• Anchorage of truss T11 to the bearing wall was not present. Only six inches of the bearing channels were extended onto the seat, perpendicular to the wall (E&C 1922).
  • The bottom chord of truss T11 was insufficiently reinforced at the truss seat, so that its channels, which extended independently of one another onto the bearing plate, were subjected to: the full weight of the truss, a twisting force caused by the angled bearing on the wall, and tension from the eccentric bearing on the seat (E&C 1922).
  • A cover plate was omitted in truss T11 at the connection of the top chord and batter post limiting rigidity to a ½ inch gusset plate (E&C 1922).
  • An Inadequate out-of-plane stiffness in the NW wall was caused by slenderness and openings (E&C 1922).
  • Lateral stiffness throughout the entire structure was lacking, especially concerning the area around columns C2 and C3 (E&C 1922).
Figure 6: Truss Bearing, via ENR archives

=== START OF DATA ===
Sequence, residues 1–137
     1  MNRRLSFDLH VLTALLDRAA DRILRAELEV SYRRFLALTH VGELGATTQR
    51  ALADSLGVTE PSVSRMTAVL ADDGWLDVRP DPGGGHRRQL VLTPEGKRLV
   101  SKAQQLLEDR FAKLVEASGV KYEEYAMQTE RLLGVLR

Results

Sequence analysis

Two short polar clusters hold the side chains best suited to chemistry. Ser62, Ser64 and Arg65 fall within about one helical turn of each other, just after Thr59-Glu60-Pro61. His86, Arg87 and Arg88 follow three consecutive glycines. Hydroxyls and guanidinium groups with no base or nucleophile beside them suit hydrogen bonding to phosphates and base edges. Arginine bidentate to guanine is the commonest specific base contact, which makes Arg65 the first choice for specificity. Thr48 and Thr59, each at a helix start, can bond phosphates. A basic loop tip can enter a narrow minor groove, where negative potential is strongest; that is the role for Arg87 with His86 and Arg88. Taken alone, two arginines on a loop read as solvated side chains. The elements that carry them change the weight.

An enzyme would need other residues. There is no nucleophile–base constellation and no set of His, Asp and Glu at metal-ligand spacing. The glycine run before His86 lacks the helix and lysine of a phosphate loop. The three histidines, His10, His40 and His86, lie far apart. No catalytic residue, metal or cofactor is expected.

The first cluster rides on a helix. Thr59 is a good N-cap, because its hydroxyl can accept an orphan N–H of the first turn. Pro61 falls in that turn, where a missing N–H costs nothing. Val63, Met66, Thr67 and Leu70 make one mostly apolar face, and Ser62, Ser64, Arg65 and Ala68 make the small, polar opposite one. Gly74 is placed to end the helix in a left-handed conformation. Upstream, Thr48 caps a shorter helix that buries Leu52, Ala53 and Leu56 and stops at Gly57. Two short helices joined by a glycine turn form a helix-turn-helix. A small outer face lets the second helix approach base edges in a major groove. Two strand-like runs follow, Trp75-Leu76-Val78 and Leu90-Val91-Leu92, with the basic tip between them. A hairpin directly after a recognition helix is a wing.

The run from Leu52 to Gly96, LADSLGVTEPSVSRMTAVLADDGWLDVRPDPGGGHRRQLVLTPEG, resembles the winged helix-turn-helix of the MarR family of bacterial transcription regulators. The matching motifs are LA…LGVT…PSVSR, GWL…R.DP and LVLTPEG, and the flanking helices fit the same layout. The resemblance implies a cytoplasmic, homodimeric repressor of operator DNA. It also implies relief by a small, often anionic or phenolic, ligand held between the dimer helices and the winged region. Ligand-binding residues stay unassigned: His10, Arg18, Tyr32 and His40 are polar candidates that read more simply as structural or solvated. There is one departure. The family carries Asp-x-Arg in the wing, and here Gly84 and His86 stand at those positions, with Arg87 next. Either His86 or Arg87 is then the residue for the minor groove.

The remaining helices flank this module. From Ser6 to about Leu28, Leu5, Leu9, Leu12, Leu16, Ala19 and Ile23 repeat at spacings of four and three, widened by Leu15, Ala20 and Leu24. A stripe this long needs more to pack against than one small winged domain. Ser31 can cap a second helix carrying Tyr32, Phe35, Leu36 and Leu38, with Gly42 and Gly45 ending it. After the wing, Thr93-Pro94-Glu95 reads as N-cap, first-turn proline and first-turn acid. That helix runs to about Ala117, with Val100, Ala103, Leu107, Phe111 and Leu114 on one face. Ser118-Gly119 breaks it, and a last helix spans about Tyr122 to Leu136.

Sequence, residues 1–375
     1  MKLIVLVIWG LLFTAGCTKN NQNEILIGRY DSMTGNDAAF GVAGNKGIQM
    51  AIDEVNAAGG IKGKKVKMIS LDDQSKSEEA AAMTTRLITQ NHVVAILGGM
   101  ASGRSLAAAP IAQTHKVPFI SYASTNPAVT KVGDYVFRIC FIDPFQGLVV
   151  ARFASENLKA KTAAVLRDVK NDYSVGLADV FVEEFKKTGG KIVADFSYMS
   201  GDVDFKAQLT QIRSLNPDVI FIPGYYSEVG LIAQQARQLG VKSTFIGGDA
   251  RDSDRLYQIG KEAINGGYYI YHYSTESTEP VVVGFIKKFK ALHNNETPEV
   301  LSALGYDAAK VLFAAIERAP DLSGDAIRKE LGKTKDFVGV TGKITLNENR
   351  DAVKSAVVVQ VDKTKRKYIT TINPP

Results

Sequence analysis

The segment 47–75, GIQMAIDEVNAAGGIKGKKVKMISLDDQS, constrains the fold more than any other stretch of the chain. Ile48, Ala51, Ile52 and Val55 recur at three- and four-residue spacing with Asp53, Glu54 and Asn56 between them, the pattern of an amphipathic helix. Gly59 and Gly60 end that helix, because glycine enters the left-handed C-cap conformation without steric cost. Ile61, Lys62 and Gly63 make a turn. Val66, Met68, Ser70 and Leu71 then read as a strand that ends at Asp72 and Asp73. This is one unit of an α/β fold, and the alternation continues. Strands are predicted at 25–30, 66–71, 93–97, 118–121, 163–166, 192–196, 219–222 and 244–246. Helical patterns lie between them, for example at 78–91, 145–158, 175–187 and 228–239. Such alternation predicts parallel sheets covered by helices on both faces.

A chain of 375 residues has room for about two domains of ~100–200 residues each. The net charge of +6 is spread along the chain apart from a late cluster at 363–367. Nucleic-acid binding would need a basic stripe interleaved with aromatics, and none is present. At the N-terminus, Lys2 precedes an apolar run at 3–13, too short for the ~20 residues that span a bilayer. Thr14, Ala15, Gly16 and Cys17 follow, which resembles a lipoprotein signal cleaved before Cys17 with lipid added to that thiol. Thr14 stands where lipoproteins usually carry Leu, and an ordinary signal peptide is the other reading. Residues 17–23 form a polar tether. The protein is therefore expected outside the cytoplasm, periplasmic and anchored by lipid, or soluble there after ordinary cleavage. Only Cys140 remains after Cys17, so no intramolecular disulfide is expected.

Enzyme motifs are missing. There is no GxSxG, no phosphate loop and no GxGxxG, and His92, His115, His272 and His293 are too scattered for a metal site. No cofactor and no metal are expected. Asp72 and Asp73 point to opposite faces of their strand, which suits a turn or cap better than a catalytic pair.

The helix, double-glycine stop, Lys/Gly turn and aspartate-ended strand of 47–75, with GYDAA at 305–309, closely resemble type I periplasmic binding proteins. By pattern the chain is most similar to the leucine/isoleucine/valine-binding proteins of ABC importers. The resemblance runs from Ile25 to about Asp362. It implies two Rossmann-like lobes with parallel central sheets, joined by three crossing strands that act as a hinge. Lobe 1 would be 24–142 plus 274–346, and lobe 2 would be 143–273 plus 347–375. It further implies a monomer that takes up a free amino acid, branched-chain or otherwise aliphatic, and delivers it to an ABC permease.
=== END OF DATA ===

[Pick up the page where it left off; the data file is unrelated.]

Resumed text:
Figure 6: Truss Bearing, via ENR archives

Each one of these errors contributed to weakening a very small area of the building. The truss deflection created an outward thrust on the NW wall, which was already slender and riddled with openings, causing it to be five inches out of plumb at the time of collapse (Contract Record 1922). This thrust was heightened by the misaligned bearing center, seen in Figure 6 at the bottom left, which fell on the edge of the wall. And since the truss came to the wall at an angle, as seen in the plan view of Figure 7, the bottom chord experienced twisting as the truss deflected, pivoting at the wall edge (Contract Record 1922).